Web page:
One Thousand White Women

One Thousand White Women: The Journals of May Dodd
By: Jim Fergus
Published: 1998
# of pages: 320

Official description: One Thousand White Women is the story of May Dodd and a colorful assembly of pioneer women who, under the auspices of the U.S. government, travel to the western prairies in 1875 to intermarry among the Cheyenne Indians. The covert and controversial "Brides for Indians" program, launched by the administration of Ulysses S. Grant, is intended to help assimilate the Indians into the white man's world. Toward that end May and her friends embark upon the adventure of their lifetime. Jim Fergus has so vividly depicted the American West that it is as if these diaries are a capsule in time.
My opinion:  I liked that the author re-wrote history (with an explanation at the beginning).  The "historic event" he chooses is original and interesting.  If only someone else could take the same idea and write a better novel!  I didn't like the main character, May Dodd, at all.  She was hard to relate to, but also didn't seem realistic at all.  It felt like she was a modern day woman, an unfeminine modern day woman, put back in the 1800s.  I'm sure there were liberal, unconventional women in 1875, but not like May Dodd was in this novel.  I can't imagine even a modern day woman reacting the way May reacts when placed in a completely different environment, culture, and people group who don't speak the same language.  She wasn't a realistic woman, and that's what the book is about.  The physical and mental journey of white women whose lives are turned upside down.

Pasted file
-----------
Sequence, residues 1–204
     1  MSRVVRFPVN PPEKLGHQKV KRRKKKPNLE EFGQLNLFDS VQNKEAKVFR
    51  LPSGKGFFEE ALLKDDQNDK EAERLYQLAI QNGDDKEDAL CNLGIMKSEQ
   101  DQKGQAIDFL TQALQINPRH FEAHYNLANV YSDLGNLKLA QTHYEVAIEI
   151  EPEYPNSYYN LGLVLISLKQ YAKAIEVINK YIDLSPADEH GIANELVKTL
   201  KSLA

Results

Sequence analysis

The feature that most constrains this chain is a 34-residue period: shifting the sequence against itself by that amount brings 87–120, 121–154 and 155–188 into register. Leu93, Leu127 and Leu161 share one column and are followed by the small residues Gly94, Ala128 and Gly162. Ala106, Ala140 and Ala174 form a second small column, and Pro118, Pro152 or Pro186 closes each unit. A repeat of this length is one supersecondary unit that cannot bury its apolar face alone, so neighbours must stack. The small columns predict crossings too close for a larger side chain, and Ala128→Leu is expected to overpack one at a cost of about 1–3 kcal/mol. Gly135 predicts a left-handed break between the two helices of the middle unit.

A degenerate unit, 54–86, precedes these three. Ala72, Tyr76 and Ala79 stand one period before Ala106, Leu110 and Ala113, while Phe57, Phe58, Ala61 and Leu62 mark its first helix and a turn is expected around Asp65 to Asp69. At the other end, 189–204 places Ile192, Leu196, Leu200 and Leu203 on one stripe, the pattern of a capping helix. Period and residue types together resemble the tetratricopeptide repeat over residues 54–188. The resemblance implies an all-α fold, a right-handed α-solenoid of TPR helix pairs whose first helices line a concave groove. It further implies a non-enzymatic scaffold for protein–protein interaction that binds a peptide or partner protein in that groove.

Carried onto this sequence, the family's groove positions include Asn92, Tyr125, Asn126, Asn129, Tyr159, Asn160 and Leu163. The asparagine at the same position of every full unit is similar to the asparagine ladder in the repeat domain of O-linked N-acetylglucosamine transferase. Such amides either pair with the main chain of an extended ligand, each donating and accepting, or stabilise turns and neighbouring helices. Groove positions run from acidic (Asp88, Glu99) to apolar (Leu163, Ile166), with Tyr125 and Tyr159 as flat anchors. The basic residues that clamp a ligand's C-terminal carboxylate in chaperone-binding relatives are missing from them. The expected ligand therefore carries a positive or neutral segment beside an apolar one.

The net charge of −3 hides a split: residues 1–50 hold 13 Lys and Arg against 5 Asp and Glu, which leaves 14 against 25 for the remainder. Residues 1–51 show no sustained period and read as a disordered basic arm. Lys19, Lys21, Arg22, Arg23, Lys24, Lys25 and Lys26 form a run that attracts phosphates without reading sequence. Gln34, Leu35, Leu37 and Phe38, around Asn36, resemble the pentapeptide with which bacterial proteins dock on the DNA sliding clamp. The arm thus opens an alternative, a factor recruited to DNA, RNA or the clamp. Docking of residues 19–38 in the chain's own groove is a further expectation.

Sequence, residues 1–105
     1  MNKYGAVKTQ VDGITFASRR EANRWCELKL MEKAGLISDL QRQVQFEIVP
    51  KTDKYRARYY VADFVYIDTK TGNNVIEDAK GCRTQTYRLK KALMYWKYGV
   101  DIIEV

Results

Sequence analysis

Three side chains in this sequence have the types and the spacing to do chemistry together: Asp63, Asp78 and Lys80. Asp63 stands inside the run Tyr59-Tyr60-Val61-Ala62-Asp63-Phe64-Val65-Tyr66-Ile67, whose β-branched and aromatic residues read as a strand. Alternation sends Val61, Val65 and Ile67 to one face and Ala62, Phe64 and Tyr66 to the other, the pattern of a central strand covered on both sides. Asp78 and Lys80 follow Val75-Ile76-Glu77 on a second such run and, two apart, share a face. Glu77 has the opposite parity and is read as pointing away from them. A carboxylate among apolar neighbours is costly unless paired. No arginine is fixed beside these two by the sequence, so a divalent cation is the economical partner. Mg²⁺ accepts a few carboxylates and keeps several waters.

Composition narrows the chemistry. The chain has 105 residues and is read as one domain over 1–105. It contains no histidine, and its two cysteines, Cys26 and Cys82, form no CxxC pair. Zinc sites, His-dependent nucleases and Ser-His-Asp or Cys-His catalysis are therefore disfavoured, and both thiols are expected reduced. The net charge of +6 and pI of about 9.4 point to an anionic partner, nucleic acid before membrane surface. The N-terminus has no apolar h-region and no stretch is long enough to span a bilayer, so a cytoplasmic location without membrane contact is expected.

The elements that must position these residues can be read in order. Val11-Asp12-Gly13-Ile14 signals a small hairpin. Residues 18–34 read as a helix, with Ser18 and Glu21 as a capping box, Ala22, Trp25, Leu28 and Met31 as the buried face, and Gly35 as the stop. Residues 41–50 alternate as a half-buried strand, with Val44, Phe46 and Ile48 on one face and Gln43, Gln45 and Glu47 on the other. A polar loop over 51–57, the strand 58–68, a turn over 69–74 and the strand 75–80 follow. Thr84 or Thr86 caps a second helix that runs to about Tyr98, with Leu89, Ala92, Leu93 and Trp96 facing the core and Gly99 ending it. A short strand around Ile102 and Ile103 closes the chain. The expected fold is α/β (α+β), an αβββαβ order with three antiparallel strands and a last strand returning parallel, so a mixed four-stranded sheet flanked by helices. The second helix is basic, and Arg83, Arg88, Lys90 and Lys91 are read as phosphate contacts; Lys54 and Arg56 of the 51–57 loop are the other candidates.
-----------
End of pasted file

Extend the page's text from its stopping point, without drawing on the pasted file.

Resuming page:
She blasts everyone whose viewpoint isn't like her own.  That also includes Christians and I felt like Fergus realized he'd been too harsh and then included a Christian character that May likes at the end.  The reader doesn't get to know that character well, so it was odd when he seemed to be an important character at the very end.  Once again, I just felt like it was an obvious way for Fergus to pacify anyone he may have offended.

Most of all, I felt that it would have been better if there had been a different ending.  Since Fergus was rewriting history, couldn't he have rewritten history?  I think that would have been really neat.

Why I gave this book 2/5 stars:  Original story, interesting (and hopefully accurate!) facts about the Cheyenne history and culture in the late 1800s, unbelievable main character, too many unrealistic viewpoints for that period of history.

Other reviews:
Have you reviewed this? Let me know and I'd be happy to post yours as well.

posted under , |

No comments:

Newer Post Older Post Home


About Me

My photo
Wife, mother, bookworm.
This is a place where you can read book reviews, discover links, and learn about the reading challenges in which I'm taking part.


my read shelf:
Andrea's book recommendations, liked quotes, book clubs, book trivia, book lists (read shelf)

Annual Goal

2016 Reading Challenge

2016 Reading Challenge
Andrea has read 0 books toward her goal of 60 books.

Recent Comments